The first 18 chapters of Exodus introduces us to the person and life of Moses, the most important Old Testament figure to most ancient Israelites. He brought judgment on Egypt, and was part of the greatest miracle of the Old Testament–the Exodus and crossing of the Red Sea. But his time with the Hebrews in the desert was a mixed bag, and his unbelief at a critical moment brought him trouble in the end.
When we see the Liberty Bell, Declaration of Independence, Washington crossing the Delaware, we think of the birth of America.
When Israel looked back at the beginning of their nation, they remembered one thing–the Exodus!
Exodus (the book) tells us that story, and it introduces us to Moses, the central figure of the Old Testament to the Hebrews. He was the first mediator between God and man. He was the mediator of God’s judgment on Egypt, and the deliverer of God’s people.
Background. Before Moses came, things were looking bad. The Pharaohs enslaved the Hebrews and put harsh demands on them. In the meantime, though, God was raising up the deliverer to bring them out of Egypt–Moses.
God met Moses at the burning bush, where Lord told Moses that He would use him to deliver them. Moses argued. And when he asked the Lord who was sending him to Pharaoh, Lord said, “I am Who I Am.” (Jesus referred to that a few times….)
That led to the Great Face-off Between Moses and Pharaoh, with Moses telling Pharaoh that God was saying to let His people go! The 10 Plagues not only hurt Egypt, but mocked its gods.
The final judgment was a prophetic picture of what was going to happen to Jesus, and the Hebrews were saved by the blood of a lamb–just like us. (I Corinthians 5:7)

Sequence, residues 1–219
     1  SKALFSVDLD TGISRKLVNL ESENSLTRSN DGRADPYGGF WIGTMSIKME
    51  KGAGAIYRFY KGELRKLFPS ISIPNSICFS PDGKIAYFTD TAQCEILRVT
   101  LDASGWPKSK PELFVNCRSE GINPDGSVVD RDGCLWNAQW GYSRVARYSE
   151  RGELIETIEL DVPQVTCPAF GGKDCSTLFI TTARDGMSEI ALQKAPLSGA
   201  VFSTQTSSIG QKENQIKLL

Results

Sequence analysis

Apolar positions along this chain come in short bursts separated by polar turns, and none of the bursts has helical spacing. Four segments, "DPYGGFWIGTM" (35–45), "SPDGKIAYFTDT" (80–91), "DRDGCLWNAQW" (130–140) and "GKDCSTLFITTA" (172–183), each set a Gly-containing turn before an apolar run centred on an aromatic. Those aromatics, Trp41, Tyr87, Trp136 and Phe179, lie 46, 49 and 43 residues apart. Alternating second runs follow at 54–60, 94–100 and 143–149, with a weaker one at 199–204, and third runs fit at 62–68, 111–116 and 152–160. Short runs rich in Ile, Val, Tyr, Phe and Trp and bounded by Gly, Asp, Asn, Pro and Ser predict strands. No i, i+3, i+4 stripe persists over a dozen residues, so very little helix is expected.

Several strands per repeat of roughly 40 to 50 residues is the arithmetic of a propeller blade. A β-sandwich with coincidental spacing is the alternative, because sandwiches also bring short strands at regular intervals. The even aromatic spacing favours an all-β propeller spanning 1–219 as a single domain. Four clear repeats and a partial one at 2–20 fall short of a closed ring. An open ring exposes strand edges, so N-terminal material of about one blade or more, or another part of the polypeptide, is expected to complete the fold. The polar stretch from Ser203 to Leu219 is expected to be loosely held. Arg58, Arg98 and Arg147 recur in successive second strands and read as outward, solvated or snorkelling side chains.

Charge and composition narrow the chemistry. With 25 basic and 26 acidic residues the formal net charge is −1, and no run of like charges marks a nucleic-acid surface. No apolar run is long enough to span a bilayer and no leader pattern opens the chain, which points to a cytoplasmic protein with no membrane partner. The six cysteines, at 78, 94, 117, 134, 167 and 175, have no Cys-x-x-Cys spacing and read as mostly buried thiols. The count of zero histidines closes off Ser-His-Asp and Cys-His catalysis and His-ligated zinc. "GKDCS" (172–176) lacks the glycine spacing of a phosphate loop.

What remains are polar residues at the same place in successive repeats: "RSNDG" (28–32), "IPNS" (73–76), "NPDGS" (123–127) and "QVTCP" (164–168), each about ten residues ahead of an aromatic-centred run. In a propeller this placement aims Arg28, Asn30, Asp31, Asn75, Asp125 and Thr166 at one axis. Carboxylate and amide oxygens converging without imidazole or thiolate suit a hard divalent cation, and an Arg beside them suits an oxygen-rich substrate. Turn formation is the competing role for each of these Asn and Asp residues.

Once they got to other side safely, they began walk in wilderness that lasted 40 years. A lot happened in the wilderness. But for now, here are a few highlights.
God had just done the biggest miracle in history, getting them out of Egypt and through the Red Sea, Their response to their first trial of not finding drinkable water was not to trust in God and to complain against Moses.
Then they got hungry and needed food. So God sent them manna–the Bread of Life. Jesus called Himself Bread of Life. This was first a direct reference to this provision, plus a reference to the “I AM” name that the Lord gave Himself.
In the middle of all that, there was an event that seemed small at the time. They again ran into the water problem. God told Moses that HE would stand on the rock, and that Moses should strike the rock. God was identifying himself with the Rock, taking the place of the accused, and was symbolically receiving a punishment that Moses was giving out. It was punishment for the people’s unbelief!
It’s a picture of the crucifixion of Christ. God is our Rock–mentioned many times in Scripture in various ways. And yet here He takes the blows that He doesn’t deserve to provide living water for His people.
Why did Moses have to be the one to strike the Rock? Moses was the Great Law-Giver to Israel, and the law of God demanded that sin be atoned for through the death of an innocent sacrifice.
Look ahead…when that Rock was struck and Jesus was sacrificed for us, the waters of the Holy Spirit were opened to us.
Later, in Numbers, when they were looking for water, the Lord told Moses to gather the people, take his rod and SPEAK to the Rock. Instead, he struck it twice! For that disobedience (Numbers 20:12), Moses couldn’t go into the Promised Land.
This was a strongly prophetic incident. Moses striking the Rock once 39 years earlier was a sign of Jesus’ sacrifice, which was done once, for all sin, for all time. There is nothing more that God needs to do. There is nothing more that WE need to do except speak to the Rock–talk to the Lord, and receive the Holy Spirit, receive forgiveness.
Just speak. All punishment has been given out–to Jesus! Speak to the Rock of Christ. Watch the waters flow when you do that! (I Peter 3:18)